The fourth type of argument agains the policy is that there will be a negative impact on the lives of many students. If you look at our track record, we can predict with confidence that many students will never succeed in passing the test–what happens to them? Do we simply not care, as a society? And even for those who do pass, after repeated attempts–what is the likely impact on them? Some may learn more math, and learn to like math, and go on into mathrelated careers–but many will simply learn to hate math and become mathavoidant. Do we care about that? If this is a large proportion of students, that will obviate the various rationales for the policy, especially the equity and “math is good for you” arguments. Does that matter?
This is another argument that goes beyond the “algebra in 8th grade” policy to argue against the “algebra for all” policy. However, it can be brought to bear on the “algebra for 8th grade” policy by questioning whether in fact more students will go on to more advanced math by starting algebra in the 8th grade than under a policy based on measuring algebra readiness and having students take it only when they’ve reached some threshold of readiness. This is an empirical question, and we’ll see. But we’ll need more than anecdotes from people who were forced to take algebra in 8th grade and credit that fact with their going on to college and ultimate successful adulthood. We’ll also need to pay attention to stories of people who drop out of school becasue of algebra, or who simply come to hate math and avoid any occupation that requires it, as a result of being forced to take algebra in 8th grade. Will there be more of the former than the latter? The proponents of the policy are banking that the answer will be “yes” (and are OK with ignoring the negative stories). I, on the contrary, think it’s questionable that there will be more positive than negative stories, and I think the negative stories are as important as the positive ones.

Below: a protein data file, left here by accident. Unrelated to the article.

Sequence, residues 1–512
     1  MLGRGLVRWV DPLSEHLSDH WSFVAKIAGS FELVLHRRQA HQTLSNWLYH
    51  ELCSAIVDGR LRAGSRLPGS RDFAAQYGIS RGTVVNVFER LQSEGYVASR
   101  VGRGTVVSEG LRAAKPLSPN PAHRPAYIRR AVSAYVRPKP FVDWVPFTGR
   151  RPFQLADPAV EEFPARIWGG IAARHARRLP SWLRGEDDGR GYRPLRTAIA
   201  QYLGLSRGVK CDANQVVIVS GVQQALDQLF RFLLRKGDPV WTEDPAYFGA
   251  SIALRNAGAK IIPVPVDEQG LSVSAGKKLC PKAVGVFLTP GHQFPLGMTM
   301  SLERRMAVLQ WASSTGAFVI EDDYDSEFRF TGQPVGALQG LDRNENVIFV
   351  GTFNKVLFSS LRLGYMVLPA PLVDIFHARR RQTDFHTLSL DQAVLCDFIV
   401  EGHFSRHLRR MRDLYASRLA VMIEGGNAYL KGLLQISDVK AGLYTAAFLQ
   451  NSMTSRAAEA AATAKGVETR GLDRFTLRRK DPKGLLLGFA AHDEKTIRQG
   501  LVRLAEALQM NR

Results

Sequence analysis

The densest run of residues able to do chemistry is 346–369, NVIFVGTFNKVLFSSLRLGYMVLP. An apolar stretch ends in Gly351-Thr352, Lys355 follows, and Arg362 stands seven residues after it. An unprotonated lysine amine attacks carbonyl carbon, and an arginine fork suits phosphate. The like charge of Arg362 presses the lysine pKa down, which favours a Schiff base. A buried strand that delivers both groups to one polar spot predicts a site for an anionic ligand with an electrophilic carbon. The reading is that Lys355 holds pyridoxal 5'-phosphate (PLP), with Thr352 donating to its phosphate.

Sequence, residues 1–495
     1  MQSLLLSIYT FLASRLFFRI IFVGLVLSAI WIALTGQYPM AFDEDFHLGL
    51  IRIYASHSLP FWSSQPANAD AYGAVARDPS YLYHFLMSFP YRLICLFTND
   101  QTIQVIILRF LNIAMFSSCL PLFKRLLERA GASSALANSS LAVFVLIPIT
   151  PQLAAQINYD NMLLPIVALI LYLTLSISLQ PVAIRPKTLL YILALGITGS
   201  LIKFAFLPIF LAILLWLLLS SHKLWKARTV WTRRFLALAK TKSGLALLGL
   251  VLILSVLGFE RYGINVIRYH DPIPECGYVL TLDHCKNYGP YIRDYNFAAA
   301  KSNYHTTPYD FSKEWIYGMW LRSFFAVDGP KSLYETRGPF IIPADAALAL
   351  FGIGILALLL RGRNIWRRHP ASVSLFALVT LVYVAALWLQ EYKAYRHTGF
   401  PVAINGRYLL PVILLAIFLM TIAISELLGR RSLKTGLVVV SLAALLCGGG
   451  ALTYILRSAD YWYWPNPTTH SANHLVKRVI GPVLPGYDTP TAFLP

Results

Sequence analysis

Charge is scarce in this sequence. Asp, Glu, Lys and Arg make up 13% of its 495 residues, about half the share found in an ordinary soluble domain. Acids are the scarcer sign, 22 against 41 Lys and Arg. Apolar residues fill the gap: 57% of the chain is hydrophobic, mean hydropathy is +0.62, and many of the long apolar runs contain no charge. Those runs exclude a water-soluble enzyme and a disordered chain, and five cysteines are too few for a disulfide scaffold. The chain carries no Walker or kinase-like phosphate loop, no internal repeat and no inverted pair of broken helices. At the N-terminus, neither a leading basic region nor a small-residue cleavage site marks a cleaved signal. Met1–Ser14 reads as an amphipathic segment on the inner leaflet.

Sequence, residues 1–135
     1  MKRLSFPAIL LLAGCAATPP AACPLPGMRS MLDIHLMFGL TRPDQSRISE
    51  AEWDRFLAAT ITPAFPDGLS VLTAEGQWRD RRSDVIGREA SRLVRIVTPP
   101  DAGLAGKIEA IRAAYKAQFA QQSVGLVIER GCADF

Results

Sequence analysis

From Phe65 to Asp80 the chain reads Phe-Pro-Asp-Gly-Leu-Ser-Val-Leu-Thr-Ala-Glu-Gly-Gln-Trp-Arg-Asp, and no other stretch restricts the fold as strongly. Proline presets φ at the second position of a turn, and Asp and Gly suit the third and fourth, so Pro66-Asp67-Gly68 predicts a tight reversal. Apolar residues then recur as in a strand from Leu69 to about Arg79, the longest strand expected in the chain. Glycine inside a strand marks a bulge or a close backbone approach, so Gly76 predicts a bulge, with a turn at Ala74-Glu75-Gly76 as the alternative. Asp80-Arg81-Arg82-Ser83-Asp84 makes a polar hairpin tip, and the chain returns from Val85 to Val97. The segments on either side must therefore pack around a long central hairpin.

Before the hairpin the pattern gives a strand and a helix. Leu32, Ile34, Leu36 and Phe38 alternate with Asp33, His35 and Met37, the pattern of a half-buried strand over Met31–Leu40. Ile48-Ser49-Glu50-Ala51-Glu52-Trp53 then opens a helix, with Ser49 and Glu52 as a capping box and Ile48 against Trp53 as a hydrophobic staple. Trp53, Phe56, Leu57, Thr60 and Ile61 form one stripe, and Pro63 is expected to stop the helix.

Finally, there’s the argument I add to the above based on my expertise as a teacher of math teachers. We don’t in fact have a professional knowledge base adequate to teaching algebra to everyone, especially given the prevailing conditions of large classes of students with diverse math backgrounds (which may range from 3rd grade levels of understanding and skill to mathematically gifted students in the same class). We’ve never, as a society, tried to do this before; there seems to be a naive assumption out there that what has worked with successful math students in the past will work with everyone, given anough time and tutoring, but we have no actual basis for that belief, and good reasons to think it’s simply mistaken. We have cases of success with populations of students not usually successful at algebra (Bob Moses and The Algebra Project spring to mind), but these cases are not using the traditional methods enshrined in the typical algebra text or used in the typical algebra classroom. I believe down to my toes that the vast majority of human beings can learn math, and specifically algebra–way more than do now–but all the evidence indicates that this won’t happen just by doing more of the same. We have some good ideas about how to expand the number of people who “get” math, but no definitive answers for how to make sure everyone “gets” it. We don’t know how to “scale up” from those cases of proven success to widespread success. Nor is the current system hospitible to methods that are known to work with the kids who don’t “get” it using the traditional approach. I guess the policy folks think that if they set the goal, and beat up on us hard enough for failure, we’ll figure it out. But somehow, I don’t think that’s a very smart way of going about it.